Proposed Oakland A’s stadium. Source: Bjarke Ingels Group

I was in Silicon Valley last week while plans for the new Oakland A’s ballpark were revealed. Between the numbers and images flying around, I got to thinking about Rangers’ stadium taking shape in Arlington.

I’ll stop right here and say that the last baseball game I attended was a Chicago Cubs’ game (against lord knows who) in the late 1980s (I was a plus-one good friend). I’ve never cared for sports or the foam-fingered, face-painted, booze-sopped civic pride they engender.  So please don’t take this column as some sort of shot at baseball – this is about creating useful architecture.

First, it’s interesting that the in-person audience for professional baseball appears to be shrinking. Ranger’s Stadium is slimming from 48,114 seats to an estimated ~42,000. The Oakland A’s are also proposing a smaller, 34,000-seat stadium – their current digs seat 63,000 and were shared with the departing Oakland Raiders.

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A building no longer relevant to its neighborhood

As part of my research into Copenhagen’s BIG architects, I watched a recent interview with founder Bjarke Ingels titled Different Angles.  A story he told dovetailed with something I’ve been thinking.  He talked about visiting an abandoned 2,750-year-old Synagogue in northern Iraq. He found out that it had only become derelict in the past 50 years when cultural hostility saw the congregation move to Israel. In the space of 50 years, a nearly three-millennia-old building fell to ruin because it was no longer relevant to the community.

Architects, he said, could build structures that physically endure, but they can only last as long as they are relevant.  Sometimes relevance equates to their ability to be repurposed.

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I’ve heard the Olympics are over.  One thing fans didn’t see in Seoul, South Korea, were the as yet unbuilt, Cross # Towers designed by Denmark-based BIG (Bjarke Ingels Group).  BIG employs over 450 staff in offices in Copenhagen, London, and New York City. Founding Partner Bjarke Ingels graduated architectural school in the 1990s and founded BIG in 2005 after founding his original firm PLOT in 2001.  Awards? He has a wall full.  Harvard, Yale, Columbia, and Rice? He’s taught at them all. In 2016, Ingels was named one of “The 100 Most Influential People in the World” by Time Magazine. Oh, all this and he’s 43.

BIG is the second architecture firm I’m begging to come to Dallas (Studio Gang was first).

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KAI-UWE BERGMANN HEADSHOT_Credits to Andrejs Strokins (2)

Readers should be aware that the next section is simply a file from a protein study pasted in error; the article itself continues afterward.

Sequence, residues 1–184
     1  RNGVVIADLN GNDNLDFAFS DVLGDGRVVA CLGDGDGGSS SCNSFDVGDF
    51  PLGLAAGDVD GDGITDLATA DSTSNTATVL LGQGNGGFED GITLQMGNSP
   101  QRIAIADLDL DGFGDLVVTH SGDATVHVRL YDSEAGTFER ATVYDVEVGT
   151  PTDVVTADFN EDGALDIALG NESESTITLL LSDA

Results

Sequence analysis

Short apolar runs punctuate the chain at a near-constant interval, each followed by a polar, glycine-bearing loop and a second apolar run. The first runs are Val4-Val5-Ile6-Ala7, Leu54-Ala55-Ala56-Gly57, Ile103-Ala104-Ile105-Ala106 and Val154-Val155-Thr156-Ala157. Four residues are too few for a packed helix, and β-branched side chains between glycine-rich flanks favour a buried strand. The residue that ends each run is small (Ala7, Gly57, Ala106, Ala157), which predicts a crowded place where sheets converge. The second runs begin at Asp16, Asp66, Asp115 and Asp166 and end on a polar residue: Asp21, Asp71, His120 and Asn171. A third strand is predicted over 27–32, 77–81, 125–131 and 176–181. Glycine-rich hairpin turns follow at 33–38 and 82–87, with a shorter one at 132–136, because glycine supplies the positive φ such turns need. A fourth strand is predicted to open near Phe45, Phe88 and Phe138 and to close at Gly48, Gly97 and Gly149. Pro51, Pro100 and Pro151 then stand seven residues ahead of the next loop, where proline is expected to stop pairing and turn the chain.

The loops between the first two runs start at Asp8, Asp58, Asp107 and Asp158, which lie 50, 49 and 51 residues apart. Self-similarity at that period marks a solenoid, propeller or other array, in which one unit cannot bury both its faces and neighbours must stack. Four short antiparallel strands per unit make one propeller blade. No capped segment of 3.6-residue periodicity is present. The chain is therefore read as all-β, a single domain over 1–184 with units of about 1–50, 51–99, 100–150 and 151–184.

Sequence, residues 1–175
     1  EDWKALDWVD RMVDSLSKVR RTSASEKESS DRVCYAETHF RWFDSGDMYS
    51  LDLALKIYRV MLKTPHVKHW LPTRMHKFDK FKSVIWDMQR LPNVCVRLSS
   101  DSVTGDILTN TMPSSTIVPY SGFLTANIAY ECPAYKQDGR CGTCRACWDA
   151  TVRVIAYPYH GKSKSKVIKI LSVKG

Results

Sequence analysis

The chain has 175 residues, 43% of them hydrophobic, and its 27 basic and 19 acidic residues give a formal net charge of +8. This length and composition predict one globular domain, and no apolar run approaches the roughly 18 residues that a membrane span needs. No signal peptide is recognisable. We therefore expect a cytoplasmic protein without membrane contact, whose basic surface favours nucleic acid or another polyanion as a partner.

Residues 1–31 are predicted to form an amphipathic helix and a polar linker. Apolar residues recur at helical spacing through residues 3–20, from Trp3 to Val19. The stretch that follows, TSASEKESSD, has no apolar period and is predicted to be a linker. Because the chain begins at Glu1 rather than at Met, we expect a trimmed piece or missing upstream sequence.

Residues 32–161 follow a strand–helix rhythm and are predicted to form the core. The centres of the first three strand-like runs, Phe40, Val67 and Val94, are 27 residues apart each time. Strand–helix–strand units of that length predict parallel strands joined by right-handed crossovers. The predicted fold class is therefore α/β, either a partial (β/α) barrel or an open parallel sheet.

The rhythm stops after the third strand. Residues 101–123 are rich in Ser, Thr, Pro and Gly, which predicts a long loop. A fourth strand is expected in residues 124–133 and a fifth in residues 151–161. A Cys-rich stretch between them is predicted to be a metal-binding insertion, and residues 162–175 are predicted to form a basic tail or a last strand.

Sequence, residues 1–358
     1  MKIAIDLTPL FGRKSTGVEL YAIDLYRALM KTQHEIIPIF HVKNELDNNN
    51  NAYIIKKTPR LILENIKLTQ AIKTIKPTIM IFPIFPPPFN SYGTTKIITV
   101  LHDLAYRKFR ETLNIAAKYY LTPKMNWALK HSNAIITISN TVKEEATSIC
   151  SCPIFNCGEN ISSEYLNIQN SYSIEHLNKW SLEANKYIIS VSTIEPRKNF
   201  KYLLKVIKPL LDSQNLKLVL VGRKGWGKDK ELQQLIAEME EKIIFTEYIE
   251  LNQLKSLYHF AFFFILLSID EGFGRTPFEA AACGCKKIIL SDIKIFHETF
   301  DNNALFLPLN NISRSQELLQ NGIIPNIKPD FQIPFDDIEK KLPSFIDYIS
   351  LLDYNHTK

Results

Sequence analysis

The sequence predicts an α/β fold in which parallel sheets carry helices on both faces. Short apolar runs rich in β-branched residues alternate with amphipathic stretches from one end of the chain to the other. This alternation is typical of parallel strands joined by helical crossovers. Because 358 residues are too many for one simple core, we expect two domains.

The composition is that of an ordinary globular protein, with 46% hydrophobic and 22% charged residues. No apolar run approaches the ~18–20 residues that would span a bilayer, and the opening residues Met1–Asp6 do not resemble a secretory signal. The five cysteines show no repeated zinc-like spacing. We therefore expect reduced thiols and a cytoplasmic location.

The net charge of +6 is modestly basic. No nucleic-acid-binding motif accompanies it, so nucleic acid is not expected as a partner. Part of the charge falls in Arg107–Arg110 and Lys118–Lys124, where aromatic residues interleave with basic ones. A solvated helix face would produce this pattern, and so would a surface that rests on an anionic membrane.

On April 26, The Dallas Architecture Forum will present a not-to-be-missed opportunity to hear from world-renowned architect Kai-Uwe Bergmann. Bergmann is managing partner of award-winning Bjarke Ingels Group Architects in New York City and Copenhagen, Denmark – largely regarded as one of the world’s most innovative architecture firms.

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Aga Khan Award

Issam Fares Institute in Beirut, Lebanon, by Zaha Hadid Architects. Photo: AKTC-Cemal Emden

The Dallas Architecture Forum will launch its twentieth-anniversary season next week with a lecture about the prestigious Aga Khan Award for Architecture.

Aga Khan Award

Shiraz Allibhai. Photo: Aga Khan Trust

The Aga Khan Award for Architecture is given every three years to projects that set new standards of excellence in architecture, planning practices, historic preservation, and landscape architecture. Through its efforts, the award seeks to identify and encourage building concepts that successfully address the needs and aspirations of societies across the world in which Muslims have a significant presence.

The winners of this triennial competition, with a grand prize of $1 million, were recently announced. They include projects by internationally known firms such as Zaha Hadid Architects and BIG Architects, as well as those by rising talent from countries around the world. Winning projects are located in China, Bangladesh, Iran, Lebanon, and Denmark.

The International Deputy Director of the Aga Khan Trust for Culture, Shiraz Allibhai, will come from Geneva, Switzerland, to make this presentation.

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